The title of Michelle Nguyen's solo exhibition refers to the mythological figure Proteus, a god capable of assuming many forms. From his shapeshifting abilities comes the adjective “Protean”, meaning "mutable" or "versatile", which has positive connotations of flexibility and adaptability. The concept of shapeshifting is central to Nguyen’s production. This new collection of works investigates how change pervades every sphere of our existence, with each artwork touching upon a specific area: from the ambivalent nature of grief, to the evolution of cultural beliefs, through the study of morphing creatures, both mystical and natural, to the constant transformation of our own identity.
Rejecting the notion of static, monolithic reality, Nguyen believes that all things, visible, palpable, and abstract, are connected to each other and as such mutation and metamorphosis are profoundly human experiences.Nguyen weaves the idea of personal transformation throughout her oeuvre, investigating how our individuality is not unchanging or grounded in a perpetual true self, but is instead invested in a state of flux. The lack of human faces throughout the series prompts the viewer to challenge the idea of pint-pointable identity as perceived by others. As an Asian woman, Nguyen in fact often feels bound by the preconceived notions that those around her bring, often in conjunction with prejudice and bias. In ‘Ode to Proteus’ Nguyen explores how, as humans, we constantly shed our metaphorical skin and leave behind older versions of ourselves.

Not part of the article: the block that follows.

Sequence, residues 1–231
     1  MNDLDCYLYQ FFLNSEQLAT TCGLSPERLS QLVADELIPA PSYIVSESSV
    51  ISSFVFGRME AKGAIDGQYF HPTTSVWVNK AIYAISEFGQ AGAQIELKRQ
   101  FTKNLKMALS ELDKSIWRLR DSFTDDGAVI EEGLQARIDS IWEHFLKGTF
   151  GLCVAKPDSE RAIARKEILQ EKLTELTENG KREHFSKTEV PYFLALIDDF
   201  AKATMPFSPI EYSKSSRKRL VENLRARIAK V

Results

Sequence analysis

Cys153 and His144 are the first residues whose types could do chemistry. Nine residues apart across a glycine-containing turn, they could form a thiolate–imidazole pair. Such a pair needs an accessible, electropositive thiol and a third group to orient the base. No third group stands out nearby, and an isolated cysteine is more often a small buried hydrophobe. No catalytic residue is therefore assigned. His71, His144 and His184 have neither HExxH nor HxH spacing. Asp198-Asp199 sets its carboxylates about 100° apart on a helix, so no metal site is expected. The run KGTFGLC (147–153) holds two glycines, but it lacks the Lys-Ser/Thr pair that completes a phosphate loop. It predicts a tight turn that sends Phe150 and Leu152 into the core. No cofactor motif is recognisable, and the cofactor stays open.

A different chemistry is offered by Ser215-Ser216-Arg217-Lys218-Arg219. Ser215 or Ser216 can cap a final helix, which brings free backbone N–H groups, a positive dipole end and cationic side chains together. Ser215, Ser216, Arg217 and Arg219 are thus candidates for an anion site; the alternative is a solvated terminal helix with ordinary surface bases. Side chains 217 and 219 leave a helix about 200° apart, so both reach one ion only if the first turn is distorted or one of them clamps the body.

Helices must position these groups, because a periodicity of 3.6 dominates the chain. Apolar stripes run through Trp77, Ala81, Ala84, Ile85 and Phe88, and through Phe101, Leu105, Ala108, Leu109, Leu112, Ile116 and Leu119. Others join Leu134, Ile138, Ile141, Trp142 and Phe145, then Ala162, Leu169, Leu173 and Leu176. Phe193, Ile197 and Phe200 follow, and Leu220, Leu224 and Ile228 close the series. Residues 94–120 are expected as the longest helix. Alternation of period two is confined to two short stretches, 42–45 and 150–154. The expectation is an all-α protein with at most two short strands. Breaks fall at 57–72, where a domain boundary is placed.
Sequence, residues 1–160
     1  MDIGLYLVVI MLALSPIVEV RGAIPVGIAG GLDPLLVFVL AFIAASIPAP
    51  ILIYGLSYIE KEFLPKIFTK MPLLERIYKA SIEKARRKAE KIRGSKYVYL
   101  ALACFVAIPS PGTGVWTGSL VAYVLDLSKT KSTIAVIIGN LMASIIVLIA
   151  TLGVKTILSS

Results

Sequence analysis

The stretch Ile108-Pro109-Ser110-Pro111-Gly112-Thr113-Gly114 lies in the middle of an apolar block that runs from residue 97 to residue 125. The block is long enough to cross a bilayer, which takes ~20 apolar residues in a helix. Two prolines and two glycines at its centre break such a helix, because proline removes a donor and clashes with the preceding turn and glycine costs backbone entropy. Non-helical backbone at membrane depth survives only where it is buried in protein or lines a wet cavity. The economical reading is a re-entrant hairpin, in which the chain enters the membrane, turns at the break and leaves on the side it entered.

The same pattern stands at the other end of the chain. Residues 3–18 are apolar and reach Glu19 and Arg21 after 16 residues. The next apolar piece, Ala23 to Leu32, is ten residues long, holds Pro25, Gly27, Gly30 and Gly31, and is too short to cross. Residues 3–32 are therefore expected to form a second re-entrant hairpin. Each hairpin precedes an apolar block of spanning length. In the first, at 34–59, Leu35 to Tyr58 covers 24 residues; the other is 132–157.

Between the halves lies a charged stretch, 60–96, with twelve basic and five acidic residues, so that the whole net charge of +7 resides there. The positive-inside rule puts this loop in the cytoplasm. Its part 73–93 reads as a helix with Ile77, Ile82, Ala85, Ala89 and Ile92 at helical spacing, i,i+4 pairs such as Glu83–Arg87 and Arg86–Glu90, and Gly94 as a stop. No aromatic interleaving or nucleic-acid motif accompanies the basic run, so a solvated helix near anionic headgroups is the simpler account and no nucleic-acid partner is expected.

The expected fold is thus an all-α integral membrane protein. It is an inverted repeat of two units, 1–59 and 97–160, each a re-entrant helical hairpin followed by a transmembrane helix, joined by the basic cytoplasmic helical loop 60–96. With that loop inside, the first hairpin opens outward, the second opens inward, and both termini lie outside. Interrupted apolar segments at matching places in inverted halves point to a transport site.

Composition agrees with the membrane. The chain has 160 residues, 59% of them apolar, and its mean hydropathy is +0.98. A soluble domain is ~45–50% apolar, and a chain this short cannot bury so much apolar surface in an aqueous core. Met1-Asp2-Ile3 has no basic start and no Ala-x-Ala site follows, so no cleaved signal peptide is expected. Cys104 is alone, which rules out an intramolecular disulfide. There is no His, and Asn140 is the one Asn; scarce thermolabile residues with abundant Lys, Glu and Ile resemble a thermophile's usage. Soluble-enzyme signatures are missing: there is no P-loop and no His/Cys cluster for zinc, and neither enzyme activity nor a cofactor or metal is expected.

In the words of the Buddhist author Breeshia Wade: “With each moment, the person who we are is dying to make room for the person we are becoming” (Grieving while Black). We constantly experience what Nguyen defines as ‘little deaths’, followed by new versions of ourselves.
The subsequent exploration of death and mourning are also central motifs in Nguyen’s oeuvre, and her works often act as a "modern memento mori," in an attempt to engage viewers more fully with the notion of grief. The artist’s aim is to encourage a dialogue around human mortality, in the belief that there is restorative value in holding space for mourning. If we are to understand that grief is not static, but a continuous and ever-changing process that accompanies our daily life, we can better appreciate Nguyen’s idea that humans encounter death in a variety of different contexts.
For instance, we can see in works such as ‘Altar for Hungry Ghosts’ how Nguyen explores personal experiences of death and mourning by the use of her own roots and family history. Yet, through works like ‘Smokescreen’ and 'Flooded Fountain', Nguyen also addresses the wider understanding of ecological grief. This state of mourning is specific to our contemporary human condition, characterised by the despair of the loss of our natural environment and way of life due to climate change.
Throughout this series, Nguyen creates a poignant dialogue between life and death, destruction and regeneration, which at times seem to morph into one another and are always in the act of change.
Nguyen's work also addresses themes of intergenerational trauma, historical erasure, and ecological grief. The artist's aim is to encourage a dialogue around human mortality in the belief that there is a restorative value in holding space for mourning; a rather relevant topic in modern times. The artist has recently exhibited in Vancouver, London, New York and Paris.